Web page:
A number of interesting new technologies have surfaced in the last few years which have a strong focus on knowledge management. This article looks at three approaches:
All of these technologies can be characterised as:
- widely adopted
- produced by community efforts
- typically open-source
- driven by real-world needs to share knowledge
These are not the grand ‘knowledge management systems’ touted by vendors, but rather grass-roots initiatives that have evolved rapidly to tackle age-old problems in interesting new ways. Most encouragingly, all of these technologies are still innovating rapidly, and are blending together in ways that are hard to predict.
Weblogs harness the power of narrative
Weblogs have exploded in popularity over the last year. At their most simple form, a weblog (also commonly known as a ‘blog’), is an online diary created by one or more writers. They typify the new class of ‘personal publishing’ tools that some see as a ‘disruptive’ threat to existing publishing tools.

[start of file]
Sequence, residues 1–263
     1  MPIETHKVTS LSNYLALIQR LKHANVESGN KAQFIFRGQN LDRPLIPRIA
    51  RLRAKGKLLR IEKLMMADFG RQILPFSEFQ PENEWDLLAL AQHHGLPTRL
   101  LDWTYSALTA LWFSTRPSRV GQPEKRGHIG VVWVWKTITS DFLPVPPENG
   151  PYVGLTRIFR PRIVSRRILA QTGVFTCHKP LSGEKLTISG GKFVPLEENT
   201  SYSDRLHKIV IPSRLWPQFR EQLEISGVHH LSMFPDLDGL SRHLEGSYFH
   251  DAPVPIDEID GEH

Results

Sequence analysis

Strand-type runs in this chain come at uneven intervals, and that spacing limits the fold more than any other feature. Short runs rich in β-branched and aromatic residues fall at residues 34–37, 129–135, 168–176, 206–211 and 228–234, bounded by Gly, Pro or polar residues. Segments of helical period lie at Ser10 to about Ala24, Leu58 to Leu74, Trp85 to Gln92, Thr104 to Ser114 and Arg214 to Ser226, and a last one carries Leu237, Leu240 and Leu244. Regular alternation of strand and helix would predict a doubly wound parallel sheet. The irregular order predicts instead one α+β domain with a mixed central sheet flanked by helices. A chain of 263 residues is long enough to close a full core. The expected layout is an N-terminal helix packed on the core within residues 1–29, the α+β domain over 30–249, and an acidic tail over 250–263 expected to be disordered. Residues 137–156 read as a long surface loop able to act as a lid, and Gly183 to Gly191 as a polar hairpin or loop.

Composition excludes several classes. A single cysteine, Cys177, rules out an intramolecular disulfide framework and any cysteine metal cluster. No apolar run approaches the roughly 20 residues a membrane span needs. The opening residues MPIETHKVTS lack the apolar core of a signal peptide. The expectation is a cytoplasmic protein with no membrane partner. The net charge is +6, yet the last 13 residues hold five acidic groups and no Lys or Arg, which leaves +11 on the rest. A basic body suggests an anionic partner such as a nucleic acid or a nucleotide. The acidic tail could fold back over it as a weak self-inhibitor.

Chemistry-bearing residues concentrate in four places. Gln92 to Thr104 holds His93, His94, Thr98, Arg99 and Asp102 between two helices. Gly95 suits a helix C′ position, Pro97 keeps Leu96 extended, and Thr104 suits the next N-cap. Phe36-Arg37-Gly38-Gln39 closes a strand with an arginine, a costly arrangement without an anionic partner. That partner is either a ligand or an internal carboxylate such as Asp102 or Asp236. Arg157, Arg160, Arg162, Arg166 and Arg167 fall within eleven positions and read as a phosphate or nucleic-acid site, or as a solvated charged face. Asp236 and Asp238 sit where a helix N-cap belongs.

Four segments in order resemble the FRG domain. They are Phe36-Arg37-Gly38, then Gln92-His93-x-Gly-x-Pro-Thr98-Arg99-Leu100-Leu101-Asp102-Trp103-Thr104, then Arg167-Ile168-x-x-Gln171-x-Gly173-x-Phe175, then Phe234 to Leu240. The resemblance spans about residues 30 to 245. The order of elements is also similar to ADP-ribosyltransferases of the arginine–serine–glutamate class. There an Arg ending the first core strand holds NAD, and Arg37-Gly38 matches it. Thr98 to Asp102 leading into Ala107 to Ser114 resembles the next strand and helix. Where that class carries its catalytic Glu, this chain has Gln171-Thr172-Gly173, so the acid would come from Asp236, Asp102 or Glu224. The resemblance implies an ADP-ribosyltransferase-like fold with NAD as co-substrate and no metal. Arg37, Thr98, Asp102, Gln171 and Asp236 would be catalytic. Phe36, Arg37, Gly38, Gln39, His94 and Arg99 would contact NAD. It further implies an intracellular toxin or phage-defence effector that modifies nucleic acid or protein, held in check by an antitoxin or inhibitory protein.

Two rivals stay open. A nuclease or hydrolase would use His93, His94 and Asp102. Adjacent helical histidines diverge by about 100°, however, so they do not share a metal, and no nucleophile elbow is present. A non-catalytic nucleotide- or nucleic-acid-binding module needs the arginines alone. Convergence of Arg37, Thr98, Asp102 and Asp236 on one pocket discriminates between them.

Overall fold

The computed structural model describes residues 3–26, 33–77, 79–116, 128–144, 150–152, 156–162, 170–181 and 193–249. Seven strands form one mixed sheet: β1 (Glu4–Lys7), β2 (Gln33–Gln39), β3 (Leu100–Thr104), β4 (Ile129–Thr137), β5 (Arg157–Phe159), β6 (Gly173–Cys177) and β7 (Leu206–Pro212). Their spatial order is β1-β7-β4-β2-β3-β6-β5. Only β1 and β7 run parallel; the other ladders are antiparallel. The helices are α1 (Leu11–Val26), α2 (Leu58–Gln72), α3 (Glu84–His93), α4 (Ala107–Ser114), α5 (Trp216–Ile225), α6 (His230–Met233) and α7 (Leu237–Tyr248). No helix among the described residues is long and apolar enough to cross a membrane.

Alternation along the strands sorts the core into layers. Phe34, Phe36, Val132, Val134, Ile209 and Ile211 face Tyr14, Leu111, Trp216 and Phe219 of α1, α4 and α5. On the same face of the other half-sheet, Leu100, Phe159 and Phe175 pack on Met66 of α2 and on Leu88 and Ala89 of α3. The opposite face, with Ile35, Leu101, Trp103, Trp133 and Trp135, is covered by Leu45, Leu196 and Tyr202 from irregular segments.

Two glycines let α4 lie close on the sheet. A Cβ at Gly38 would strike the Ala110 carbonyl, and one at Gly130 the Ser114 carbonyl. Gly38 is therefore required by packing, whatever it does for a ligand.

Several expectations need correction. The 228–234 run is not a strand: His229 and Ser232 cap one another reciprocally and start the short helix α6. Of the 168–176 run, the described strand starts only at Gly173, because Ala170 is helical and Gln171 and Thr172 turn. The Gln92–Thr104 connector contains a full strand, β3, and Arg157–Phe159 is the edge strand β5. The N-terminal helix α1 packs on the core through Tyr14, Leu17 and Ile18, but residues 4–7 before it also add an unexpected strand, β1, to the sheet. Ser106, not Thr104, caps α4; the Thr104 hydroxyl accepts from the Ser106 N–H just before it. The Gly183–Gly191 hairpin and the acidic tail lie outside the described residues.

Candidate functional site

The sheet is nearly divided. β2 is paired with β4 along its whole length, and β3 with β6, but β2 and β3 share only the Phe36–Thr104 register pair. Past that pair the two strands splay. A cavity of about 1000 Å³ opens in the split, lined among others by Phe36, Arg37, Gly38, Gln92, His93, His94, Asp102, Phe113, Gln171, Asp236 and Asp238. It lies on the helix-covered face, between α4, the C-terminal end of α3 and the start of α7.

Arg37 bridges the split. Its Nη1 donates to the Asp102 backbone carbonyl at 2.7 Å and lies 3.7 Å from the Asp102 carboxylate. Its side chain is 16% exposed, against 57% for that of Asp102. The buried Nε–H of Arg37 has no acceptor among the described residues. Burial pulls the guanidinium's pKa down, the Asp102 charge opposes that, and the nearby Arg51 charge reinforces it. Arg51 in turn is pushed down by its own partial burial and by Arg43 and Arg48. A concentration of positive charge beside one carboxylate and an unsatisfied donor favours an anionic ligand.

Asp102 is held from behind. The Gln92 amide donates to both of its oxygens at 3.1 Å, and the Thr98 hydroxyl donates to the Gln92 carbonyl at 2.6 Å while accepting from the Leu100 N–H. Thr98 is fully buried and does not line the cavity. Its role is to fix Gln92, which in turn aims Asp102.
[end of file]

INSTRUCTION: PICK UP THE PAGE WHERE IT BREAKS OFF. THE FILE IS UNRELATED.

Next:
A weblog provides a simple interface for writing a new entry, typically via an online form. This is published to the site, with standard page layout and formatting automatically added. What the reader sees is then an online diary, with the most recent posts first, and an archive of past writings.
There are now tens of thousands of weblogs in existence, written by a wide range of people (including my weblog Column Two), covering every possible topic. A quick search for ‘knowledge management’ will reveal dozens of weblogs specifically addressing this subject.
From a knowledge management perspective, weblogs harness the power of conversation (narrative) to convey messages in a very honest and powerful way. With weblogs being written in a first-person format, the voice of the author comes through clearly, thereby supporting the message with the reputation of the author.
As such, weblogs are increasingly being used by individuals, communities and companies to share knowledge across traditional boundaries.